The Chile Protests- Beginning Or The End- Kriti Mehrotra

The Chile Protests- Beginning or the End

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“It’s not about the 30 pesos, it’s about 30 years”.

This statement is a line echoing from a video montage produced by Ana Tijoux. It reflects the current situation of the Southern American Country Chile. This country of 18 million people, until recently, has been often known as ‘the Latin American tiger’ mostly because of its political stability and economic growth. The country is currently having the highest GDP growth and a title of the most competitive country in the region by the World Economic Forum.

The last two months have forced the technocrats and the economic institutions to consider the image of the country. What started as protests over a spike in the subway fares has turned into much more. Now, the demands are not merely restricted to lowering of prices or hike in wages, but the reconsideration of the fundamentals of the country. The citizens have made a demand for a new constitution, with new principles; principles that do not abide by the objectives of an oppressive regime.

The protests began around mid-October, when Catalina Santana an 18-year-old student jumped a turnstile in the Santiago metro, because of the hike in subway fares, and launched a movement that changed the course of Chilean history.

This is not the first time Chile has been a host to these kinds of protests. Over the last decade, two similar student-driven movements which led to significant reforms in education policy, including lowering costs for university students have been witnessed by this nation. The protests led by high school students in 2006 had achieved discounts on public transportation and a waiver of charges for university entrance exams for some students. Five years later the protests held by university students were able to lower the interest on student loans. But this time the protestors intend to bring changes in the structure of the society by bringing into light the causes of inequality, economic injustice and poor social service in the country.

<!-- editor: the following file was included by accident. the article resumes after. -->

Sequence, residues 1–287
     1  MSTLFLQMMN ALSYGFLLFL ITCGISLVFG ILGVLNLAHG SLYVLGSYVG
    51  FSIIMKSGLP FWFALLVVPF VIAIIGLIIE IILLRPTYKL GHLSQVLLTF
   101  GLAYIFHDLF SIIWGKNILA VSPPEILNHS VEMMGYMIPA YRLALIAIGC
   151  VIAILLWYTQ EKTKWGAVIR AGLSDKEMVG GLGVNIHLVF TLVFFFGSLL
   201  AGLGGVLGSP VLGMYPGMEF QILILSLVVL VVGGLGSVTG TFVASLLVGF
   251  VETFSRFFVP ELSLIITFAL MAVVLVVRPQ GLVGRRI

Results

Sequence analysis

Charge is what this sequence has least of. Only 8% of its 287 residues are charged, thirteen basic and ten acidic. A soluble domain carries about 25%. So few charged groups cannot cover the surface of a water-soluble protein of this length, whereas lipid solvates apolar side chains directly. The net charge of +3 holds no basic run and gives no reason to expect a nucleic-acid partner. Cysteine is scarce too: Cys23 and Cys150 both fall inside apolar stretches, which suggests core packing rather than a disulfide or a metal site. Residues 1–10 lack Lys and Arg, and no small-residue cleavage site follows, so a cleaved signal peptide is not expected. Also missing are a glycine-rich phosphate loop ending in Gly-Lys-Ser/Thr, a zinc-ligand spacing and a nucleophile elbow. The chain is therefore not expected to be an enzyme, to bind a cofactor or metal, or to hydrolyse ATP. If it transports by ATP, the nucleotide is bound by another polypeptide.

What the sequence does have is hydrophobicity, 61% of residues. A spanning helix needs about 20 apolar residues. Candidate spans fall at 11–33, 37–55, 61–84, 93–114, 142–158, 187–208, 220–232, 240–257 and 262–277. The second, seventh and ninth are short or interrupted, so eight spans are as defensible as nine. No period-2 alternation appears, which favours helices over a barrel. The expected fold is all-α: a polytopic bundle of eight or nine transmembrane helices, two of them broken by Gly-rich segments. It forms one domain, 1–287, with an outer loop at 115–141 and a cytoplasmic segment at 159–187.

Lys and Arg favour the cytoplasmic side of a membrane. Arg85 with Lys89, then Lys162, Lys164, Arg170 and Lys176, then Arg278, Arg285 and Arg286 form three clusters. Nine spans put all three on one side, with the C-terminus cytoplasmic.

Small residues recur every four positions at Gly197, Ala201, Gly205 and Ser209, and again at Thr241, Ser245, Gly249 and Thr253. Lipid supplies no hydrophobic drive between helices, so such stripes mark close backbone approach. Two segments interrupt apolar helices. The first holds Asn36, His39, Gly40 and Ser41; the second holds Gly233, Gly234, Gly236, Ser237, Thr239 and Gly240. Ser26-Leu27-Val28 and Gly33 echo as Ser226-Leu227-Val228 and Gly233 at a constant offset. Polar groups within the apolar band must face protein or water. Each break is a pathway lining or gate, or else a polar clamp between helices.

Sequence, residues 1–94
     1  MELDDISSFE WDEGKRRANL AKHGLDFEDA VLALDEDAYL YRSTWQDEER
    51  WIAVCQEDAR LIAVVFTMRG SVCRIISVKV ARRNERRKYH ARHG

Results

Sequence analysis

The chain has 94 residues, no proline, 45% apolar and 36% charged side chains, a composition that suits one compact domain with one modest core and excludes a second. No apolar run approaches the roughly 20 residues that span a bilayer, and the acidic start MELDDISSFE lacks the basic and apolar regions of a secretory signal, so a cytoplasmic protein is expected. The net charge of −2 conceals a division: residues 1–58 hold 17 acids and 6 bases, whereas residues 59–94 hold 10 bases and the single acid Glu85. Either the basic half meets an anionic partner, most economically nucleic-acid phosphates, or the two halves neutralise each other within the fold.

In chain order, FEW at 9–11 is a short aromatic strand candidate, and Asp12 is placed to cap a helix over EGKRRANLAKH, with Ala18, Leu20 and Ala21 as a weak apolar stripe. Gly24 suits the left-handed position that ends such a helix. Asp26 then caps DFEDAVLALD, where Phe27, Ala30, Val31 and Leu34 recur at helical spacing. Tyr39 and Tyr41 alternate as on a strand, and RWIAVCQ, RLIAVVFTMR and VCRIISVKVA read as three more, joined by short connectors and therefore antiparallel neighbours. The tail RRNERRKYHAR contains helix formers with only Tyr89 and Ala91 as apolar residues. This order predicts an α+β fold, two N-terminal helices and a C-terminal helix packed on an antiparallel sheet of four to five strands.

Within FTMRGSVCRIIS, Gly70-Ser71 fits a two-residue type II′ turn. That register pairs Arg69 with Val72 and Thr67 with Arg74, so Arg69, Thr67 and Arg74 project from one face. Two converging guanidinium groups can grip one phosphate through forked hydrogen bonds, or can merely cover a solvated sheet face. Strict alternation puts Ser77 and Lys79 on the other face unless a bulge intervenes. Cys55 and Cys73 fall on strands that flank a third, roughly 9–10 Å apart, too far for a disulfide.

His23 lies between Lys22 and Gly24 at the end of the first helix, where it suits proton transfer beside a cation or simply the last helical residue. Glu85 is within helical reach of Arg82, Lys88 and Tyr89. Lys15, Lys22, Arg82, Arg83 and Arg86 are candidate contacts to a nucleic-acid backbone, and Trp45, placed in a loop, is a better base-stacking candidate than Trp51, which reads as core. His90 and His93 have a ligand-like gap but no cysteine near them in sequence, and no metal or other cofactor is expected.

The protests led vandalism, looting, rioting, and burning of the metro stations everyday occurrence. The response of the country’s security forces was nowhere near pacifying. They responded with great violence. During the first month, around 22 people were killed and more than 2000 were injured. Most injuries and deaths were because of police brutality. Forces used rubber bullets as a weapon and blinded around 200 citizens. The United Nations Commission on Human Rights, the Organization of American States, and Amnesty International have started their investigations against the president for any human rights violation.

The Reason behind the protests

These reasons are not merely limited to the 4 cent hike in the fares. It extends to widespread inequality. Although Chile is one of the most economically stable countries, it has the highest level of inequality, among all the OECD countries. This justifies the rage among the citizens which is decades-long because of the ever-increasing healthcare and medicine cost, education costs, utility costs among others.

According to Marta Lagos, Director of Latinobarómetro and a political analyst, Chile has always been a champion of macroeconomics. The fiscal equilibrium, inflation has always been good on charts. But these do not say anything about the people in the society. She says, “The problem in Chile is the poor distribution of wealth”.

The end of the regime of General Augusto Pinochet Ugarte, the president of the military dictatorship created high expectations for Chileans. The expectations were of removal of dictatorship and having the true spirit of democracy. But the neoliberal transformation continued. During Pinochet’s administration which was based on the Philosophy of the U.S. economist Milton Freidman, government role in regulating public services was minor. This continued even after the regime ended. So those expectations remained unmet. Although after thirty years of democratically elected leaders, Chile has surely achieved economic growth and has been named one of the wealthiest countries in Latin America. But not all Chileans are benefitted. The protests over the last decade have revealed the deep-seated frustrations of the citizens over economic inequality and the apparent fact that the benefits extended by the privatized health care and pensions are favouring the wealthy.

Since Pinochet’s regime ended, Chile saw remarkable success in the market economy. As the government moderated its policies and moved from an orthodox neoliberal economy to an economy with an agenda of ‘growth with equity’, it was no more a free-market haven. Since 1990 the country saw economic growth of 4 percent annually, with a strict emphasis on fiscal responsibility, privatization, stabilising inflation and other economic reforms.  But excessive privatization, such as privatization of health care and education has created economic inequalities and has left the poor and middle class saddled with debt. The privatized pension systems have left many people on the verge of being destitute, because of the low amount of pensions. Further, the wages have gone low and the cost of living has increased.